Sunday, March 30, 2008

Pastor Scott's Book List

OK, I don't know who exactly reads these blog postings that I put up here. I know that there are lots of people in our church who are not "readers." But I'm thinking if you read this regularly, it's because you do enjoy reading at some level at least. If that's not you, it's ok to just close this out and wait for next week's posting, but for those of you who like books, I want to alert you to the fact that I updated my book list (it's over there on the left <------ see?).

Most of my books I've had on my list have to do with church structure, church leadership, church planting, church health.... Well, you get the idea. These three books I've added, however, really don't have anything to do with church (at least directly). But I'm finding them very thought-provoking, and if you like to read, I bet many of you would find them worthwhile as well. That's why I added them to my list.

I'll tackle them in alphabetical order:

  • Joy At Work: A Revolutionary Approach To Fun On The Job. This book is written by a Christian businessman, co-founder and long-time CEO of AES, a multi-billion dollar international power company with over 40,000 employees. This company is based on 4 Core Values: Integrity, Justice, Social Responsibility, and Fun. The book is primarily about the value of Fun, defined as "rewarding, exciting, creative, and successful." The company strives to empower every employee with the ability to make important decisions about things that really matter, and then they are held accountable for their decisions. Leaders are there to give advice (not permission) to those making decisions; the CEO himself set a goal of personally making only 1 important decision for the company a year. The result of this approach was to create happier, more dedicated, more productive employees, fulfilling their God-given purpose of productive work.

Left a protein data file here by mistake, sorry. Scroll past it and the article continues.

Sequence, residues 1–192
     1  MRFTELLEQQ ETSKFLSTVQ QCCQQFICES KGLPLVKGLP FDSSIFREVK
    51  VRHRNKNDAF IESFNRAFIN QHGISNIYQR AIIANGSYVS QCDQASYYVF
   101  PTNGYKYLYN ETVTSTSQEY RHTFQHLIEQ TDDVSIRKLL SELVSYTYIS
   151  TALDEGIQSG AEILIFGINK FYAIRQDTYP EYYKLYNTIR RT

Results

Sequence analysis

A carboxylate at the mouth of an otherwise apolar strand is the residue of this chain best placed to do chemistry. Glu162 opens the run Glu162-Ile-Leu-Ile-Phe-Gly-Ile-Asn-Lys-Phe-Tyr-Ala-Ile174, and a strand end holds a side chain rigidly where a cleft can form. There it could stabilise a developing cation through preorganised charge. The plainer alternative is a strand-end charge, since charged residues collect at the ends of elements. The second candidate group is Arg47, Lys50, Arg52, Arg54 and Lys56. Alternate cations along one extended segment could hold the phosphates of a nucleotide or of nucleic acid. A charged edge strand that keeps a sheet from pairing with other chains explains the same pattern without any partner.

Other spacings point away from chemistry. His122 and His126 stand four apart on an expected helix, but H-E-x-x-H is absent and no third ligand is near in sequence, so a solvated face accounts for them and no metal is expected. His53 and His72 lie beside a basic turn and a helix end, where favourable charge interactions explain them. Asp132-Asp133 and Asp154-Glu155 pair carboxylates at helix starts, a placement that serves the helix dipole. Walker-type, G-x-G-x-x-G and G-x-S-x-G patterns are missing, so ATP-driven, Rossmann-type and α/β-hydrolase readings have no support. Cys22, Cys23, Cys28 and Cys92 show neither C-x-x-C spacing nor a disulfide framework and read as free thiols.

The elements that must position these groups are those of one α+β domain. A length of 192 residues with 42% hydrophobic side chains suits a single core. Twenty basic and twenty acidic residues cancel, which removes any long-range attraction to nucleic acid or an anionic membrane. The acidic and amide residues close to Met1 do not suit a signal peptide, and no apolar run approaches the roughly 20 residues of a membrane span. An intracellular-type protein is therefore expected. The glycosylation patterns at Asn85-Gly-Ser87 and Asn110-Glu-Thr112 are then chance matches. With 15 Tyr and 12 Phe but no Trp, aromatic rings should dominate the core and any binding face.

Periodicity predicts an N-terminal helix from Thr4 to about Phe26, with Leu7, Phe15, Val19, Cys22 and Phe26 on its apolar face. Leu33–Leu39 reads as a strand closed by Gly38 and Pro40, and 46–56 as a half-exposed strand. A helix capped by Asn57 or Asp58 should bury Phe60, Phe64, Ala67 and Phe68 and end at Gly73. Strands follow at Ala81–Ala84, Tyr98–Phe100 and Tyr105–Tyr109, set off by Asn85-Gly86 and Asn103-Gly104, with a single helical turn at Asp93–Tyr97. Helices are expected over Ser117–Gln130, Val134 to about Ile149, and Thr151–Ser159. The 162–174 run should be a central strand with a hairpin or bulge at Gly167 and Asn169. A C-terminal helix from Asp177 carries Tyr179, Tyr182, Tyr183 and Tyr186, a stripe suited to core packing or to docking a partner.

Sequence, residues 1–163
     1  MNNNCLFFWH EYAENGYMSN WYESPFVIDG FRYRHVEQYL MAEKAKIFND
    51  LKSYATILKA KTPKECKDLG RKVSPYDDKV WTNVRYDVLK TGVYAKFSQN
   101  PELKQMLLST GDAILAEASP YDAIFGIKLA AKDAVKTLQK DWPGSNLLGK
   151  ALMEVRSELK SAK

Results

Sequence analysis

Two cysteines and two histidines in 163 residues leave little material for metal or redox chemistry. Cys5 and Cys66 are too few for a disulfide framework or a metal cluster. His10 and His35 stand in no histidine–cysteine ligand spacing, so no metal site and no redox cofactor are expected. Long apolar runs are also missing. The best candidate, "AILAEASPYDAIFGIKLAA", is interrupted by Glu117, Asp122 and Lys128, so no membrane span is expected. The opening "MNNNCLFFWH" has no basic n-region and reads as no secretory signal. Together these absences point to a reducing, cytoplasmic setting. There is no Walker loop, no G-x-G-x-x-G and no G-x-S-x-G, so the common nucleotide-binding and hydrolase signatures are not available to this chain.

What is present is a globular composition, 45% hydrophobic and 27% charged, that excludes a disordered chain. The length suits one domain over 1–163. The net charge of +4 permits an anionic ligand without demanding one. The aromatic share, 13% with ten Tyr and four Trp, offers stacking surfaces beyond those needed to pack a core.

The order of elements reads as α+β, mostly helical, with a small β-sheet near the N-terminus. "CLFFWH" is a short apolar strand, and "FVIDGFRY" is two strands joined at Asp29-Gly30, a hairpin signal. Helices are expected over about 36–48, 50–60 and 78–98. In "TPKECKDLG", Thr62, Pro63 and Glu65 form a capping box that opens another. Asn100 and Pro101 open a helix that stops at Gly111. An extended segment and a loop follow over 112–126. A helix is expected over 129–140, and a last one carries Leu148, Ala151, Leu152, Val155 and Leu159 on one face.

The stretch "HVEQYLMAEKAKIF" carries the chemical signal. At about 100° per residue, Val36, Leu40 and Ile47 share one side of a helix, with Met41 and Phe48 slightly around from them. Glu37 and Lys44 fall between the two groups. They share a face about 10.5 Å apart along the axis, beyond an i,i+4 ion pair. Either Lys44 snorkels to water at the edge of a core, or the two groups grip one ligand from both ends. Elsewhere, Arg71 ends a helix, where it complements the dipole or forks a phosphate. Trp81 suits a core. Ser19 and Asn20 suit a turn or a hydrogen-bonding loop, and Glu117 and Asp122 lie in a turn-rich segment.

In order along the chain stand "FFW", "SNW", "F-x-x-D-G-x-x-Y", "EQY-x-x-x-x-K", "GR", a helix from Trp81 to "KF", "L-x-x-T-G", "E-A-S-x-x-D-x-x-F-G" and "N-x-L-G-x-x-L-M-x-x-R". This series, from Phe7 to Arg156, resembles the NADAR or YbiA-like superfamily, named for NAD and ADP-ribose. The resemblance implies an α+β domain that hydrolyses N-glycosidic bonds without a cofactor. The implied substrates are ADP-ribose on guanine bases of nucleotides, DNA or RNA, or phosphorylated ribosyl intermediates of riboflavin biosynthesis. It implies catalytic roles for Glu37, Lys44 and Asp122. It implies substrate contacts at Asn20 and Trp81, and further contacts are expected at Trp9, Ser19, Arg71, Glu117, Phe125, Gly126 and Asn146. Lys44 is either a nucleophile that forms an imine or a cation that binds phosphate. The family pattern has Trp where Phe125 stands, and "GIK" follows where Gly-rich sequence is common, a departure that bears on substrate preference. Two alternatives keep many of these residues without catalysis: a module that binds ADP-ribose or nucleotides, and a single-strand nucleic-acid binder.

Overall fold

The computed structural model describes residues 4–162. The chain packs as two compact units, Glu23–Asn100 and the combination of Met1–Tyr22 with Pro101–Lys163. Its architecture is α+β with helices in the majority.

• Loving Monday: How To Succeed In Business Without Selling Your Soul. Written by a successful Ohio manufacturing executive, this book explores how to integrate your work with your faith. The result is that instead of grinding it out until Friday and living only for weekends, your work can actually be filled with meaning and purpose. As a result, both work and faith grow--along with your love for Mondays. Beckett destroys the idea that "secular" work is not God-honoring; he argues that any work that's not inherently immoral can actually be a form of worship--not just church work or "professional" ministry.
  • We Are Driven: The Compulsive Behavior America Applauds. Workaholism, perfectionism, the need to control. These behaviors are often called "good addictions," but they are not good because they detract from--instead of adding to--our lives. Although many people are applauded for these behaviors, they damage marriages, friendships, families, and other relationships. The authors contend that many times these behaviors are rooted in shame, low self-esteem, and guilt, which drive us to super-human ambitions at which we inevitably fail, creating a new cycle of shame, low self-esteem, and guilt.

Each of these books, though not about church, I believe have tremendous value for how we "do" church. They give insight in how to organize, lead, motivate, and minister, and beginning in May, the elders and I will begin studying Joy At Work to discuss some of these insights. If you'd like to follow along, you're welcome to read with me:

Joy At Work / Loving Monday / We Are Driven

Just so you know, I'm reading these books in preparation for our next upcoming series ("The Office" about work; and "Driven", a NASCAR-themed series about our purpose in life), and I'm sure you'll hear some of these insights coming out in sermons and other interactions with me. I'd love to know about anyone else who's reading these and any thoughts you might have!

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